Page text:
In Fall 2014, Professor Bucar is teaching HONR 1209-01 – The Islamic Veil: Islam, Gender, and the Politics of Dress.
Department of History
Jeffrey Burds is an Associate Professor in the Department of History, and a member of the core faculty in International Affairs. Prof. Burds completed his Ph.D. in 1990 in Russian and Soviet history. He taught at the University of Rochester for five years, and joined the NU faculty in 1998. The recipient of numerous grants and awards–and a finalist for the Excellence in Teaching Award in both 2004 and 2007–Professor Burds has published widely on the history of the Soviet secret police and Soviet espionage during the early Cold War. In 2007, he published a study tracking Soviet infiltration of foreign espionage networks in the 1930s. Currently, he is finishing a book manuscript on espionage and nationalism in Soviet Ukraine, 1944-1950.
In Fall 2014, Professor Burds is teaching HONR 3310-05 – A History of Espionage & Covert Operations in the Cold War.
Department of Entrepreneurship & Innovation
Justin Craig is an Associate Professor of Entrepreneurship at the D’Amore-McKim School of Business. Professor Craig’s primary research interests are in the area of family business and entrepreneurship. He has taught MBA and undergraduate courses in all aspects of family business and entrepreneurship. Professor Craig served as an Associate Professor of Entrepreneurship and Family Business and Co-Director of the Australian Centre for Family Business at Bond University in Australia and as an Assistant Professor of Entrepreneurship at Oregon State University prior to joining the DMSB faculty in 2012. Professor Craig has worked with many family businesses and entrepreneurial ventures in varying stages of their organizational life cycle. Professor Craig is an Associate Editor of Family Business Review and on the editorial board of Journal of Family Business Strategy and the Journal of Management and Organization.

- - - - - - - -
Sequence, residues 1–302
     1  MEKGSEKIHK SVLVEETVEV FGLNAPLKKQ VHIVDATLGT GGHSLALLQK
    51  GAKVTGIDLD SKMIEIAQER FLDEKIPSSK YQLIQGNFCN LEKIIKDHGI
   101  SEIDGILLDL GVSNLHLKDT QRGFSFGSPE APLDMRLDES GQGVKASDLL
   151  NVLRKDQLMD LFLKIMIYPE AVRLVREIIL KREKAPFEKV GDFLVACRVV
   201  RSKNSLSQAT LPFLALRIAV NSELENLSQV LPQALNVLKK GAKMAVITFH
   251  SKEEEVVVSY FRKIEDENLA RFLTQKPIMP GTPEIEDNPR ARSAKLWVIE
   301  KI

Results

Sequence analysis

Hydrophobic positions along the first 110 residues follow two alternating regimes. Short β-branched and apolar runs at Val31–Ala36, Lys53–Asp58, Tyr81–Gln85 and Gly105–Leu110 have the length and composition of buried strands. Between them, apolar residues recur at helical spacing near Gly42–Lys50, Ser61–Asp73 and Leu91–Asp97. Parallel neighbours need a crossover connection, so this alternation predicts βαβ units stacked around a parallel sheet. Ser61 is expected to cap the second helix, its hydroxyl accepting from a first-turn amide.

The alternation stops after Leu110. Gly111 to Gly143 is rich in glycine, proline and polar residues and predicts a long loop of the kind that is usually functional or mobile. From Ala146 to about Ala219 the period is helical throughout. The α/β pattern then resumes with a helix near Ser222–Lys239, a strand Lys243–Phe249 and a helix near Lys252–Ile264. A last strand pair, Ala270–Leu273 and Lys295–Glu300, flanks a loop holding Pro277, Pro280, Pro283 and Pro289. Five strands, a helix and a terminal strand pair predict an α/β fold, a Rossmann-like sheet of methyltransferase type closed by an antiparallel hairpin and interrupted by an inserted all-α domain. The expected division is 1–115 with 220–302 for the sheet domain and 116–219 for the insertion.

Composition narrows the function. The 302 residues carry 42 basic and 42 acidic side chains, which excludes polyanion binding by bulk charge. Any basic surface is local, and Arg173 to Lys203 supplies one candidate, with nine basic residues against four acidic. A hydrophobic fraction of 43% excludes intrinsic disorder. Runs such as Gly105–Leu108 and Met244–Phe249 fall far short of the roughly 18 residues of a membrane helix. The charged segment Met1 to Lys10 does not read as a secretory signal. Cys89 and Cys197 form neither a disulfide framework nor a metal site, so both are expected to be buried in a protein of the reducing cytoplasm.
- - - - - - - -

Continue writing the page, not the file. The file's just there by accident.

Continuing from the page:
In Fall 2014, Professor Craig is teaching HONR 3310-04 – Entrepreneurial Thinking.
Department of Physical Therapy
Lorna Hayward is an Associate Professor of Physical Therapy at the Bouve College of Health Sciences. Prof. Hayward has been a faculty member in the Department of Physical Therapy since 1996. Prof. Hayward is primarily responsible for teaching the following courses: Research Methods, Administration and Health Policy, Professional Seminar, and PT Project I. The courses Prof. Hayward teaches reflect her professional interests in curriculum design, technology, health promotion, and research.
Prof. Hayward conducts research in the areas in which she teaches to remain current in the topic area and infuse class material with personal experience. Her most recent publication is in the Journal of Physical Therapy Education, ‘Standardized Patients and Communities of Practice: A Realistic Strategy for Integrating the Core Values in a Physical Therapist Education Program’.
In Fall 2014, Professor Hayward is teaching HONR 3310-08 – Contemporary Issues in Health Care.
Department of Art + Design
William Kaizen is Assistant Professor of Art History and Media Studies at Northeastern University. His current book project is a history of video art and politics in the 1960s and 1970s for Duke University Press. He is co-editor of the book Communities of Sense: Rethinking Aesthetics in Practice (Duke University Press, 2009), on Jacques Ranciere and the contemporary turn to aesthetics. His essays include “Steps to an Ecology of Communication: Radical Software, Dan Graham and the Legacy of Gregory Bateson” in Art Journal (Winter, 2009) and “Computer Participator: Situating Nam June Paik’s Work in Computing” in Mainframe Experimentalism: The Experimental Arts and Early Digital Computing (University of California Press, forthcoming). He recently curated the exhibition Pop Cinema: Art and Film in the U.S. and U.K. at the International House Philadelphia, for which he was award a Pew Exhibitions Initiative grant.
In Fall 2014, Professor Kaizen is teaching HONR 3310-07 – Visual Art and Visual Culture Since 1945.